Ben van Beurden

“Can Shell transform? Yes. And we will”

With the COVID-19 pandemic disrupting the world, all businesses are rethinking what they do and how. For Shell, the long-term, global shifts urgently needed to tackle climate change create a further challenge. In this interview Ben van Beurden, CEO of Royal Dutch Shell, sets out what the company will do: from its ambition to be a net-zero emissions energy business to the ongoing restructuring of Shell’s operations.

By Lech Mintowt-Czyz on Sep 29, 2020

We are only three-quarters of the way through the year, yet it already feels like we have had several years’ worth of events and landmarks. How is the company managing it?

Absolutely right. So much has happened. And I am very proud of how the company and my colleagues throughout Shell have reacted. We have had to act quickly and decisively and make some very tough financial decisions to ensure we remained resilient, including cutting the dividend. But as hard as they were, they were entirely the appropriate choices to make. And COVID-19 has hit us in another way. We have, very sadly, lost six employees and six contractor colleagues to the virus.

With that context, I am grateful that our performance on safety in our operations so far this year has been so good – remarkable, in fact – with a much-reduced incident rate. We have continued to keep things running and serve our customers in really very challenging circumstances. In fact, our people have been quick to innovate and move even further into the digital world… running orders virtually, trading virtually, even monitoring and assisting offshore facilities virtually. Everybody in Shell should be proud of what we have done this year.

The energy transition to a lower-carbon future presents a longer-term challenge to Shell. In April you said Shell wants to be a net-zero emissions energy business by 2050 or sooner. Why is Shell aiming for this?

First of all, as a society, we need to keep global warming below two degrees Celsius, and ideally below 1.5 degrees Celsius. That means society needs a net-zero emissions energy system.

In that context, a company like Shell has a choice. It can choose to produce oil and gas with the lowest possible emissions. Or it can say: “If society wants to get to net-zero emissions and we really want to be an integral part of that society, then we need to get to net zero as well.”

We, Shell, have decided to go on the second, bigger, mission. It is consistent with our strategy and it fits better with us, as the company and people we are, and with the vision we have for where we want to be.

Of course, tackling climate change is mainly about the use of energy. Currently, about 85% of our carbon footprint comes from our customers’ emissions when they use our products. That is where the real challenge is. So, we have to have a role in helping our customers decarbonise: a mission of working with society to help it get to net zero. Because it is not good enough to just wait and see what society does. No. To help, we have to shape that journey. I believe that is what our customers, and society in general, have been telling us over the last few years.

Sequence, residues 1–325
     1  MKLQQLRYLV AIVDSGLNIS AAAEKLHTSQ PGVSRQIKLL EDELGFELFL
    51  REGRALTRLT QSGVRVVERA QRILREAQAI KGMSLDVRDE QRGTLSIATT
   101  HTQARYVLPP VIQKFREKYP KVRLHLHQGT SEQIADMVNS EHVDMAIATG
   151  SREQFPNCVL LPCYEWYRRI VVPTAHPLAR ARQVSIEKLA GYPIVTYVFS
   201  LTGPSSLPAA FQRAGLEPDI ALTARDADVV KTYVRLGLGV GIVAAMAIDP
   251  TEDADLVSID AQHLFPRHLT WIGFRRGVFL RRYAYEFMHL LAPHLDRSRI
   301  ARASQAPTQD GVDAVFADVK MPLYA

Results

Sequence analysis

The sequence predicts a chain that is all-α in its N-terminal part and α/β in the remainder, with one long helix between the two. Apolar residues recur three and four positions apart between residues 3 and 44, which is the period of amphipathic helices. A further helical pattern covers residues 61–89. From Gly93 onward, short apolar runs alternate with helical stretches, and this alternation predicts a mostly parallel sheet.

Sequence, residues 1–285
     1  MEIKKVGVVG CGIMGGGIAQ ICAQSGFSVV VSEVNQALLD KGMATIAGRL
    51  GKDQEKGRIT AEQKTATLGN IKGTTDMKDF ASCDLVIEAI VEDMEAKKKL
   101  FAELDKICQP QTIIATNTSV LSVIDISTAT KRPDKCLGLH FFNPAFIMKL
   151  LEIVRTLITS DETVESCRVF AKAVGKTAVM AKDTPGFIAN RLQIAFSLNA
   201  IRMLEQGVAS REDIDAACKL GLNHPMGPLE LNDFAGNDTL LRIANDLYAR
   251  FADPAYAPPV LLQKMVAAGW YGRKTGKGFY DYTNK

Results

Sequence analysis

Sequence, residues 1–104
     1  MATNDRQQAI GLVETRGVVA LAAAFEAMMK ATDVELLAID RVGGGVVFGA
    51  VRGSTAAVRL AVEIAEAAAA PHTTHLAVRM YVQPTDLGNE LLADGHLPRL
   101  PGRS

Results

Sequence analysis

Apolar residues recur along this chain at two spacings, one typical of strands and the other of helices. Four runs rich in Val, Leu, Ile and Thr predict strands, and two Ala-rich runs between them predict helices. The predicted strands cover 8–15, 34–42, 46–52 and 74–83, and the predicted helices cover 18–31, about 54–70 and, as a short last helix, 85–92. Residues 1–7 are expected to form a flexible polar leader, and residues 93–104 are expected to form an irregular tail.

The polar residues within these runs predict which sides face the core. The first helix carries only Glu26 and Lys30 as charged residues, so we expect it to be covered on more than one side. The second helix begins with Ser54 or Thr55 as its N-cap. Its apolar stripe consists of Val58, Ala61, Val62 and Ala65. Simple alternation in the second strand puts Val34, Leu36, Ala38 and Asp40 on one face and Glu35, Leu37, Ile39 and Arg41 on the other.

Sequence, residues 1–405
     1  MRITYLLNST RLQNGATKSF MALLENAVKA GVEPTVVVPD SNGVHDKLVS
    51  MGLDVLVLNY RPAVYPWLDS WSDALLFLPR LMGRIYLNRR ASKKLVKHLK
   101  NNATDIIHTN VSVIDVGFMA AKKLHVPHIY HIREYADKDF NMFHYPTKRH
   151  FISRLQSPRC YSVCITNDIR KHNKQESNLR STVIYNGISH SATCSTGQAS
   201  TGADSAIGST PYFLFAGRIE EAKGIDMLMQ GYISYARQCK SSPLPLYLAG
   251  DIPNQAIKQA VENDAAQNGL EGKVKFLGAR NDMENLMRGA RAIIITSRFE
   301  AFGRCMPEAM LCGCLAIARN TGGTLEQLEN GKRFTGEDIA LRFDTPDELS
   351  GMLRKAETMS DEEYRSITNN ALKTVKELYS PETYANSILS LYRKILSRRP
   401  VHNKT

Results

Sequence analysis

That mission does mean dramatic change for Shell – and that includes changes to our business plans over time. We have to be net zero in all our operations, which means major changes at refineries, chemicals sites, on-shore and offshore production facilities. But it also means that we have to change the type of products that we sell. You cannot do that by just having different products which still produce emissions. We will have some oil and gas in the mix of energy we sell by 2050, but it will be predominantly low-carbon electricity, low-carbon biofuels, it will be hydrogen and it will be all sorts of other solutions too.

And if, as we approach 2050, we still have customers for carbon-based energy, we are going to make sure that the emissions from these users are somehow addressed. That could be by using the technology of carbon capture, utilisation and storage – often called CCUS – on behalf of our customers. It could also be by offsetting those emissions through nature, or dealing with them in another way. That is what we mean to do and, as you can imagine, that is going to be a massive change for our company.

Photo of people at Shell Recharge in the UK
“We want to focus on helping our customers decarbonise,” says Ben van Beurden.

Can Shell actually do it?

Yes. But it will be a challenge. And it does mean that we have to work much harder with others to make that change happen: developing new types of biofuels and making them commercially viable, for example, or developing hydrogen for heavy-duty road transport in areas where nothing exists yet, not even the business model. We have to invent it, we have to build it, we have to make it happen. In some cases we will have to bring the customers with us as we develop the products, so we can actually sell the products to them.

It is a big mission, and we already have many of the relevant skills to complete it. Many people, of course, think of us as a company that is good at finding oil and gas and bringing it to the surface. But that is just one part of what we do.

We have many more people working with markets, with customers, trading around the world, seizing opportunities, developing new products, innovating together with other people on supply issues, and much more too.

And if you think, as I do, that the energy system of the future will be more democratised, with the customer pulling products through, that also helps Shell. It will be the companies with strong brands, strong global reaches – companies capable of producing a single net-zero industrial solution that works for a customer in Alabama, in India and in Japan – that have the reach and the financial muscle to make things really happen.

Where does Shell start?

We are already active in many of the areas we need to be.

For many years we have been one of the largest power traders in the largest power market in the world: the USA. We also trade power in Europe and increasingly in markets like Australia, Brazil and China.

In biofuels, we are in a venture that is one of the world’s largest sugarcane ethanol producers. In offshore wind, we have been part of winning bids to build projects. We have made inroads as a developer of solar power. And when it comes to hydrogen, it is still a very small market but we are absolutely the leader when it comes to hydrogen for transport and are active in other areas too. We are, for example, installing the world’s largest hydrogen electrolyser in Germany.

It is not enough though: it all needs to accelerate. Across our businesses, our low-carbon investments will increase significantly over time. In a company as big as Shell, even a strong rate of growth can be hard to notice, but we are accelerating.

Shell plans to undergo a major restructuring process. How will this help the company succeed?

By having a company that is fully consistent with the new strategy we are preparing to share with our investors.